Typical regatta weather reigns over the third race of the Raja Muda
John Ferguson, the manager of Straits Quay Marina, was on hand to see the sailors set off for the Penang harbour race and the regatta owes a huge debt of gratitude to John as he ran and grew the event from 2001-2010, when he was the general manager of the Royal Selangor Yacht Club.
The biggest action in the regatta so far took place in the mooring area just outside of Straits Quay the previous night. A man-made island has recently been constructed creating a narrower channel and faster current. This wasn’t there the last time a Raja Muda fleet rolled through. As such, skippers and their crew weren’t prepared and many boats started to drift in the night with Rainbow Dream drifting the furthest.
A rapid response team on duty at the time, consisting of the Malcolm, Suffi and Tom, contacted the Harbour Marine Police and although there were a lot damaged egos no boat or crew member were seriously damaged.
When the sailing did start, it was that typical Raja Muda regatta weather that we have all come to know, love and dread. A little bit of rain, followed by no rain and then a whole lot of rain. A little bit of wind, followed by no wind and then a whole lot of wind. The essence of what makes this regatta so challenging.
It was originally scheduled to have up to two races for the day, starting at noon. But rain delayed the start until 1:15pm, when Simon decided to send the all the competitors on one 14km triangle course.
Sarab Jeet Singh guided Windsikher to line honours for the third straight race with an elapsed time of 1:46:21, but they ceded first place overall in the Racing IRC class to Gordon Ketelby’s Ramrod when handicap was applied. Ahmad Fakhrizan’s Malaysian Navy’s Uranus placed third.
The Next Factor, the fourth boat in that class, damaged their original main sail on the first leg of the regatta. They then damaged their replacement sail on the second leg. For the Penang inshore race, a huge gust of up to 30 knots ripped their replacement sail, which they had just repaired the night before, and they had to retire from the race. Barring a miracle, they will now have to drop out of the regatta as they no longer have a working main sail.
Simon Piff’s Firstlight didn’t have any competition today in the three-yacht Premier Cruising today as Hans Rahmann’s Yasooda had to repair its main sail and YP Loke’s Eagle chose not to sail, so it was a fairly easy march to the top of the podium for them today.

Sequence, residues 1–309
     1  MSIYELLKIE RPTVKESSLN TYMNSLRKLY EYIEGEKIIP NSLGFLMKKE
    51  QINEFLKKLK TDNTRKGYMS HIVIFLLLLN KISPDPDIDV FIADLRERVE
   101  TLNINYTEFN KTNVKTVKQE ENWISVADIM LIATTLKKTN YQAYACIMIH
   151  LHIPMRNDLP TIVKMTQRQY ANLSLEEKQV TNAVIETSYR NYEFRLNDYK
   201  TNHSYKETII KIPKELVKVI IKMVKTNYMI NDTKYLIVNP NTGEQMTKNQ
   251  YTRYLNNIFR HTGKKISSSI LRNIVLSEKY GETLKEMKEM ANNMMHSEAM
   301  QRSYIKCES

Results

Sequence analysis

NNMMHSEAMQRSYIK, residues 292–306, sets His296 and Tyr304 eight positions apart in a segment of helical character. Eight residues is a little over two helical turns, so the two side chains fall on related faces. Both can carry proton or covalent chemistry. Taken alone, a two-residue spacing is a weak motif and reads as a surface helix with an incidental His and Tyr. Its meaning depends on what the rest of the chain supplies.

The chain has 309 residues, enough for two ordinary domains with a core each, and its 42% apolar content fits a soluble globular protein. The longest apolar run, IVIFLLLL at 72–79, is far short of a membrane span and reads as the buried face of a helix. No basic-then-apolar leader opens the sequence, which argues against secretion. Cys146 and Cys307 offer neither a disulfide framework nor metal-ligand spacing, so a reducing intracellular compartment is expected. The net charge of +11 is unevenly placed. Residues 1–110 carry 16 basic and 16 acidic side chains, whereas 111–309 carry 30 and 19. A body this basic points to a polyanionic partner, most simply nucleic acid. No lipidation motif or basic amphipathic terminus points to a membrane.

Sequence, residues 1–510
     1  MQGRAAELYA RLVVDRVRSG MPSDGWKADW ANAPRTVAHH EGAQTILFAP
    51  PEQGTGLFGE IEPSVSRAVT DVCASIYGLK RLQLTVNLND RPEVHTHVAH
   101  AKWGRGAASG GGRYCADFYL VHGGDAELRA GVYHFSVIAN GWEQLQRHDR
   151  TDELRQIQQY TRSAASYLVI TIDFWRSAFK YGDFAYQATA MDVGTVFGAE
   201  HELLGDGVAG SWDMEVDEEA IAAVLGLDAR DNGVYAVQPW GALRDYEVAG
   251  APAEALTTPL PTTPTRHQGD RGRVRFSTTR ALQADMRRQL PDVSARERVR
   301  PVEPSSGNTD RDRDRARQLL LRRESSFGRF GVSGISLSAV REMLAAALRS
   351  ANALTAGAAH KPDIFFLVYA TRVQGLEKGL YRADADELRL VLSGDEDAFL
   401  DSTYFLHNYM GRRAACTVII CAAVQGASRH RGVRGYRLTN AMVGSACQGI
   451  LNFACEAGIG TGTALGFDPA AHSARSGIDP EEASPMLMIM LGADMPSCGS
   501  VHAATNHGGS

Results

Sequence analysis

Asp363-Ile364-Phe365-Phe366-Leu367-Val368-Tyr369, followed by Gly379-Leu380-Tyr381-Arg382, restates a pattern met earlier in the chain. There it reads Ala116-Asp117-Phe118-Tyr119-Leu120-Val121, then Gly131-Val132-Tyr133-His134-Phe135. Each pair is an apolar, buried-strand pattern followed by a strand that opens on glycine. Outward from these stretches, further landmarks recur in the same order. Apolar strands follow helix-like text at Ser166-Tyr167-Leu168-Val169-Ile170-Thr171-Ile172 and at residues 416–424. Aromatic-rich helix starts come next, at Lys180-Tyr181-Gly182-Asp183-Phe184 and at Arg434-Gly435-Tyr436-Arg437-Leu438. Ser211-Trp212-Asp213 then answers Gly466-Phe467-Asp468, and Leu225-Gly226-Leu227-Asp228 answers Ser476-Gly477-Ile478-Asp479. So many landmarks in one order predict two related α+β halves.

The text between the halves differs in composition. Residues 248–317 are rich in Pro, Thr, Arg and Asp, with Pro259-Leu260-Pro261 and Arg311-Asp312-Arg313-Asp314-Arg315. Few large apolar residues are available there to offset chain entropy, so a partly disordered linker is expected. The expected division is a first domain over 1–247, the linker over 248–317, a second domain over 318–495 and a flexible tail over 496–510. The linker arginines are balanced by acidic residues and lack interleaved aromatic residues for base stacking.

The five-boat Sports IRC class saw Dominic Liddell’s Venture take top spot followed by John Kara’s Insanity, Max Palleschi’s Prime Factor and Steve Manning’s Red Rum One.
Yi Lee Min’s Silhouette, the other boat in the class, suffered damage in the driftathon the previous night when the stanchions on its port side were destroyed. As such, it retired from the race.
Cruising IRC has three yachts competing as Thomas Reckenfuss’ Born in Fire won again with Pang Kim Ann Daniel’s Mystic River placing second followed by Laurence Ruslecki’s Rainbow Dream. That’s the same order for all three races so far.
Cruising Non-IRC had two boats competing today. Rama’s VG Offshore, won for the third straight time with M J Logaa S’s Recca, placing second. Dato Alex Nah’s Virgo did not race and the fourth registered boat in the class Zulkifli Radzi’s Hannakin damaged its steering system in the first race and has been unable to rejoin the regatta since.
The Classic non-IRC division also only had two yachts competing today as Ken Yap’s Millennium 2 had a problem with its halyard and Dato Richard Curtis’ gaff-rigged cutter Eveline is set to join the fleet in Langkawi.
Mustakim Ros Saidi’s Royal Malaysian Navy yacht Marikh won the class. But the perseverance award must go to Shah Azlan’s Tofan, the last boat over the line with an elapsed time of just over four hours. They had ample opportunity to retire from the race but showed lots of moxie but toughing it out and sailing through to the finish.
Regatta chairman Jeff Harris decided not to race his catamaran Serendipity in the rough weather. It is the only yacht competing in the Multihull OMR class.
Tomorrow will see the last passage race of the regatta from Penang and Langkawi, from where there will be a harbour and round-the-island race before the regatta’s final gala dinner at the Royal Langkawi Yacht Club on Saturday night.